One of my recent .99 cent cookbook wins on eBay was an interesting history of eating in America, called strangely enough, “Eating In America – A History” (William Morrow, 1976). The book is one of the last by Waverly Root, whose food books, notably “The Food of France” and “The Food of Italy”, propelled him to literary fame, after a life as a successful newspaper correspondent stationed in Paris while working for The Chicago Tribune and later, The Washington Post. These last two titles count as classics in the food literature world, but the same cannot be said for Eating In America, whose premise is that most Americans have never moved much past the Puritan roots of minimalist and simplistic eating of our ancestors – Root ends the book with a less than optimistic outlook for the future of American eating, “The United States started out with Anglo-Saxon cooking and it is still paying tribute to Anglo-Saxon cooking. It is unlikely that a tradition so strong and so consistent is going to change.”
Interestingly, one might assume that Root and Julia Child, since sharing so many commonalities, as well as being contemporary food writers, might also have shared a friendship – but No. Even though both share a love and respect for French food borne of common epiphanies in Paris, when asked to comment on Root’s appraisal of American eating habits, Julia responded, “I don’t know what he is talking about; anyone can find disgusting things to eat anywhere!”
My own opinion of Root’s view of American eating is that although he may have most of the history right (especially that of the 18th and 19th centuries) perhaps he spent a little too much time in Paris! It is not difficult to assume that frequent after-dinner conversation in Paris was filled with remarks of disdain in regard to American food – and that both Root and Child were subjected to unending volumes of it. But it seems that while Root may have accepted it as a premise for his later book, Child accepted it as a challenge to go back to America as a teacher and change agent. No wonder they did not develop a friendship.
As I read Root’s chronicles of America’s gastronomical culture, I kept waiting for the revelation that as a great melting pot, eventually America was/would begin assimilating all the divergent ingredients of its cultural mix, and ultimately create a new American cuisine – Nope. He even introduces us to a newly coined term, “native foreign” to describe those pockets of external influence on American food habits, such as Tex-Mex and Louisiana Cajun – but then dismisses them as change agents, as if to suggest that they will simply stay put in their current locations until such day as they die away. And he makes no mention, even in the mid 70’s of the oft mentioned cultural food influence of the returning GIs of W.W.II on America’s changing eating habits. I lived through the same period here in America, and I sure as hell could sense the nation’s changing attitude toward food (just as Julia Child was!), but I can’t help but think that Root was unable to see this through his advanced state of francophile exuberance, and missed entirely all the objective evidence around him.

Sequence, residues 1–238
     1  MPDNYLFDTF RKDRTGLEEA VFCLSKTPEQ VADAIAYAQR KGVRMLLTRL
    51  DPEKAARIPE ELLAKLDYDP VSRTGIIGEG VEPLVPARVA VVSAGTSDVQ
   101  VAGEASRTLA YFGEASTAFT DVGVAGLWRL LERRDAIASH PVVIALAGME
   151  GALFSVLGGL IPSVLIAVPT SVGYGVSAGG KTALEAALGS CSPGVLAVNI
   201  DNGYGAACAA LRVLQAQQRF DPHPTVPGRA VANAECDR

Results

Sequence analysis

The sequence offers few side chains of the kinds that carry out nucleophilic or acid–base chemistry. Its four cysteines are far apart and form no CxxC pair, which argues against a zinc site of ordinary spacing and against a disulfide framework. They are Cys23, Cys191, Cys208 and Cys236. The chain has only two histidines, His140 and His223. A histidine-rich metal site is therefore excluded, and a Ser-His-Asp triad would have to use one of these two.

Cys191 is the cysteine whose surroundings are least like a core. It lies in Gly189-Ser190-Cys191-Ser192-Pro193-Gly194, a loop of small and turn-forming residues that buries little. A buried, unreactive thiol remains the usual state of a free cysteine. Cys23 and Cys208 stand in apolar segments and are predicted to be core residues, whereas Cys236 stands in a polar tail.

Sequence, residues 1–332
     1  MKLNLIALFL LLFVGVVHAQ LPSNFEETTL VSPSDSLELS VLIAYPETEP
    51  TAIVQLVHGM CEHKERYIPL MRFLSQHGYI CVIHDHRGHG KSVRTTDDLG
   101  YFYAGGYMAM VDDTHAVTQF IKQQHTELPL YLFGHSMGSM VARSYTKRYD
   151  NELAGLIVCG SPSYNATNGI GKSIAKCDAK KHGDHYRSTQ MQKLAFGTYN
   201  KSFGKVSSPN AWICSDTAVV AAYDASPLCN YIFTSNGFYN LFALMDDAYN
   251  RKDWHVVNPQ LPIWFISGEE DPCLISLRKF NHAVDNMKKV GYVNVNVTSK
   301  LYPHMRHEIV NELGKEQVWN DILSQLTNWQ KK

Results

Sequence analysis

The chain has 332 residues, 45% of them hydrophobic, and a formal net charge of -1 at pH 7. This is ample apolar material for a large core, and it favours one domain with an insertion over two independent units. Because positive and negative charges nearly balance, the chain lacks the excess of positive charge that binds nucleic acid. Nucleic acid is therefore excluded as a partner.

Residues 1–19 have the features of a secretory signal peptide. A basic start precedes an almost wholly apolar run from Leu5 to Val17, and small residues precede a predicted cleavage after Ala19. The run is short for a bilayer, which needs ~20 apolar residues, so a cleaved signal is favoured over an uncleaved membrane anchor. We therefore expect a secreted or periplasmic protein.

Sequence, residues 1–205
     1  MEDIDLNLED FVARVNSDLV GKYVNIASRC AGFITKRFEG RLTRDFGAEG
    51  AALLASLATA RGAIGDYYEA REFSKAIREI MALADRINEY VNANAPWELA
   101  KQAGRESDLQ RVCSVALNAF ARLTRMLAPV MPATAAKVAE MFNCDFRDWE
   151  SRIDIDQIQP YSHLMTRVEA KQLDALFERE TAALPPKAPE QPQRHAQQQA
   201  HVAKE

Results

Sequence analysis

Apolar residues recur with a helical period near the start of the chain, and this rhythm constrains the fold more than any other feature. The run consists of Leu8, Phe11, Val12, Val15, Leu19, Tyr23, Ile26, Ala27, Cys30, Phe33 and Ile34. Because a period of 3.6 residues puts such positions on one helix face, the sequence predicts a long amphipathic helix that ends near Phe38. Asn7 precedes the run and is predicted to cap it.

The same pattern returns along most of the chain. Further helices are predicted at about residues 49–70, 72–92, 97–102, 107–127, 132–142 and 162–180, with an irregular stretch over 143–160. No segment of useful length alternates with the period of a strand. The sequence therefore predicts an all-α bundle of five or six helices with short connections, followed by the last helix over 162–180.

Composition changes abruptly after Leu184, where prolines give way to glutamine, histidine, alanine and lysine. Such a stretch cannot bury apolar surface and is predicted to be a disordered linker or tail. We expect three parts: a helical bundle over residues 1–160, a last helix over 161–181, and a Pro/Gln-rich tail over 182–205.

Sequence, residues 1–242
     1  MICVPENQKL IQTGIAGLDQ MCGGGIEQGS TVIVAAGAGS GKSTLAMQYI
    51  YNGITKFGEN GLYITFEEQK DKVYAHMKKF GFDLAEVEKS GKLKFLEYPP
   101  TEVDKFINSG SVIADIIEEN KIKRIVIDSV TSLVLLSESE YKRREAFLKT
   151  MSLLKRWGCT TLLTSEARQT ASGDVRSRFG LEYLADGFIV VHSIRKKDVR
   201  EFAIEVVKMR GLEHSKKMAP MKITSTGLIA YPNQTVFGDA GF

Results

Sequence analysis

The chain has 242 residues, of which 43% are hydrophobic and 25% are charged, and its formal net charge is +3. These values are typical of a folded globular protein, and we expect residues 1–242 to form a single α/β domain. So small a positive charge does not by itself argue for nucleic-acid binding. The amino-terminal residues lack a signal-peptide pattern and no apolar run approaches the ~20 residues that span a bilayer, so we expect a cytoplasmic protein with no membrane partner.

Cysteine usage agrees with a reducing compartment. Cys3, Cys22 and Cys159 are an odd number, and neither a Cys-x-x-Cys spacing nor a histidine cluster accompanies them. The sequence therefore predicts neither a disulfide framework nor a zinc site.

Personally, I think the history of American eating, at least that of the 20th century – the most interesting period in my opinion – can be obtained well, and most interestingly, by reading some selected editions of the most casual and common “recipe collections” available – the limited publication soft cover books known collectively as “Community Fundraising Cookbooks”. For some time now, I’ve been buying a goodly number of these books on eBay, and in local used book stores – I have many hundreds on my bookshelves, and more stuck away in boxes throughout the house. I love reading them, first as a depository of some of America’s best family secret recipes, but also, as I suggest above, because by their very nature and content, they tell a loud story about our nation’s eating habits, practices, and regional differences. Many are simply fascinating.
I often regret that I do not spend more time with these gems – and when that emotion rises, I’ll go get another unread copy and most often, find in it the pleasure of the past, and a new recipe to try – some of these have become our own family favorites. I need an excuse to do this on a regular basis – and I think I’ve thought of a perfect way to do just that.
I’m going to begin to include a semi-regular feature here on this blog, where I’ll select an interesting regional community cookbook from my collection and discuss what it tells us about our culture, history, and most of all, our good foods – of course, I’ll share an appropriate recipe from it as well. Maybe we’ll call it, “America’s Food Secrets”, or something that sounds good eventually. That should be fun – blogs must always be fun – but it can be revealing as well. Maybe we’ll dig up what Root missed in his appraisal – who knows where this could take us?
Some of these books are popular classics, with total print numbers in the many hundreds of thousands – many Junior League editions are in this category – I won’t usually center attention on these, excellent as many are – but I won’t swear I’ll ignore them either. But my personal interest is in the little gems among these books – those that have quite limited printings, but may contain some obscure and treasured family secrets.
I’m making myself excited as I type – I promise to do my best to make the project as much fun for you as for me. Now, where’s my first selection?